Sunday, 24 October 2010

History corner – Macaroon cakes



Today’s delve into the past comes from the 1949 edition of Lily Gilmour’s “Everyday Cookery”.
Lily seems to have taken a rather wide definition of every day cookery because some of the recipes would probably take most of the day, such as the haggis made from scratch. The first ingredient in the list is a sheep’s pluck. For the uninitiated, a pluck is the heart, liver and lights. Lights means lungs, by the way. Second ingredient on the list – a sheep’s stomach bag. Are you salivating yet?


My favourite recipe in the book is for “fried crumbs”.
The recipe – and you might want to get a pen to write this down - advises to heat butter in a frying pan, add breadcrumbs and stir over a gentle heat until they turn golden brown. Oh Lily, however do you come up with your ideas?


For all my mocking, this is actually a nice little cook book with lots of useful advice for the housewife…make no mistake, it is intended only for the housewife; the unmarried or male must look elsewhere for recipes.
As with many books of the time the writing style is authoritarian and doom laden – for example, rather than telling us that cakes should always go into pre-heated ovens, we are instead told: a cold oven is fatal. I’m assuming Lily means it’s fatal for the cake? Or maybe it’s a threat?


The recipe that caught my eye was for these little macaroon cakes.
I have never made tartlets before that use puff, rather than shortcrust, pastry. I used pre-rolled, pre-made butter puff pastry; much as I like making things from scratch my exceptions to the rule are puff and filo pastry. Lily’s recipe for puff pastry (listed elsewhere in the book) suggests that it will go from ingredients to finished pastry in less than 30 minutes…I’m rather dubious about that!


The jam that sits at the bottom of the tartlet is a most welcome addition:


If you use pre-made pastry (hangs head in shame) these are a quick bake.
They are also extremely tasty; personally though, I would prefer shortcrust pastry. Lily doesn’t list jam in the ingredients list but mentions it in the method so I have added it to my ingredients list below. I have also doubled the ingredients as I thought those given were meagre, they actually would have made 12 tartlets.


The macaroon element of this recipe is old-school! Forget the fancy little sandwiched Laduree things, these are the crunchy and chewy almond delights! The batter, on going into the oven, starts to get holes in it – rather like a crumpet. At first I thought the recipe had gone wrong but then it dawned on me that these were the hearty macaroons us Brits grew up on! Here’s a close up:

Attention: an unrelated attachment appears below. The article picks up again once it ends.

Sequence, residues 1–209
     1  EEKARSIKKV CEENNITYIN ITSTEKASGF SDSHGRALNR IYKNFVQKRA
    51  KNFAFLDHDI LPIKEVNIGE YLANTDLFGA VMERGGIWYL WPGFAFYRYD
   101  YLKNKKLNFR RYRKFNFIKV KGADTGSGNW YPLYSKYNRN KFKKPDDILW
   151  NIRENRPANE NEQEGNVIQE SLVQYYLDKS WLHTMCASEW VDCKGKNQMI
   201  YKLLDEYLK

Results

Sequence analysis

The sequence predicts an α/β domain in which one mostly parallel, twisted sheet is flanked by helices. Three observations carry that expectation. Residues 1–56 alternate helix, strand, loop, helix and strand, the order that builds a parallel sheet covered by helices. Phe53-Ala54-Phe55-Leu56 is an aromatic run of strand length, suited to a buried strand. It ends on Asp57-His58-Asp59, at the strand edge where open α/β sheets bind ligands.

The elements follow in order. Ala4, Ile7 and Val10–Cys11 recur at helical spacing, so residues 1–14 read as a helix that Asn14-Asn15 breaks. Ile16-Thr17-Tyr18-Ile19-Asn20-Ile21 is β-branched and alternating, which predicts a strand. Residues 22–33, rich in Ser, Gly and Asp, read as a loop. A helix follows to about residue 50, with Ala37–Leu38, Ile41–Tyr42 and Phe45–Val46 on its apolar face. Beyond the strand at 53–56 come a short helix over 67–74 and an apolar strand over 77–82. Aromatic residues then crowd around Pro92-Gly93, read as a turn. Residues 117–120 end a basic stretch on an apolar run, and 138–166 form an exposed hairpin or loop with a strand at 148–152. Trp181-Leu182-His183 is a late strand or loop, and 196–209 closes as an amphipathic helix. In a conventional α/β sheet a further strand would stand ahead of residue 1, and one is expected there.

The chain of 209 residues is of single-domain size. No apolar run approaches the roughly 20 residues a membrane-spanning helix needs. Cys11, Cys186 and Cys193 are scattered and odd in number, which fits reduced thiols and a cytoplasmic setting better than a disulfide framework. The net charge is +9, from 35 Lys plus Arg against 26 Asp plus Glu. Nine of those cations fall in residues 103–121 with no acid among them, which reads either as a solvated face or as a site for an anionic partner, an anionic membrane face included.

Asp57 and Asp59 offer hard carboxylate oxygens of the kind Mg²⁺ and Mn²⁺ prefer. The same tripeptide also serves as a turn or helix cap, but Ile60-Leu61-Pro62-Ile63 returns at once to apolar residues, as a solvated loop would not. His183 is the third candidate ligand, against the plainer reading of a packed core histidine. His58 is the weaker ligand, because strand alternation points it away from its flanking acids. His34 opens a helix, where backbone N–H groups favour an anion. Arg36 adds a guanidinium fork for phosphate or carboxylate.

Ingredients

These quantities will make 24 tartlets – you will think that you are not going to have enough of the macaroon mix....but you will!

Puff pastry – I used 3 pre-rolled sheets
Raspberry jam to spoon into the bottom of each pastry case
4 egg whites
120g (4oz) ground almonds
180g (6oz) caster sugar
1 teaspoon almond extract
60g (2oz) rice flour – I used Tesco brown rice flour
½ teaspoon bicarbonate of soda
½ teaspoon cream of tartar

Method

Preheat the oven to 200˚C/fan oven 180˚C/390˚F/Gas mark 6

Grease two cupcake pans with butter or cake release spray – I used cake release and they came out clean as a whistle.

Using a round biscuit cutter, cut out pastry disks and line each patty pan.

Spoon a little raspberry jam into each pastry case and put to one side.

Now make the topping: place the egg whites in a bowl and whisk until they are frothy but not yet at the soft peak stage.

Add the ground almonds, sugar and almond extract and beat until thick and well combined. The recipes states this will take 1o minutes. Mine thickened a little but was always runny.

Stir in the flour, bicarbonate of soda and cream of tartar; make sure you lift up all the ingredients from the bottom of the bowl as the almond tends to sink.

Spoon a generous tablespoon of mixture over the jam and ensure that no jam is visible (it will bubble up and spoil the look). Don’t worry that the macaroon mix is thin and runny.

Bake for approximately 25 minutes or until the macaroon is no longer wet and the pastry looks cooked.

Leave to cool in the tins until you can safely handle the tin then remove from the tin and leave to cool completely on a wire rack.

The tarts will keep in an airtight container for several days.

Bask in the glory of the wonderful thing you have created.

Eat

7 comments:

C said...

Love the idea of the jam at the bottom as a contrast of flavour. The puff pastry is unusual for this kind of tart but looks good.

Choclette said...

You certainly didn't begin by whetting my appetite, but luckily things began to improve as I read on. think I agree with you though that shortcrust would be better. I did make puff pastry from scratch once - it took an age - definitely not 30 mins - and I vowed never to bother again!

Cakelaw said...

Sounds like an interesting book! I think I'll pass on the sheep's pluck, but these little tarts look tasty.

Joy said...

How lovely! A bit like fangipane but crisper. I think I will try them with shortcrust!

Katie said...

My grandmother used to bake something like this - not tasted one for years. They look delicious and thanks for reminding me of happy memories :)

Margaret said...

These look lovely and another great recipe from History Corner.

Sam said...

Well these look great but I guess and can't make them, not being a housewife and all, haha!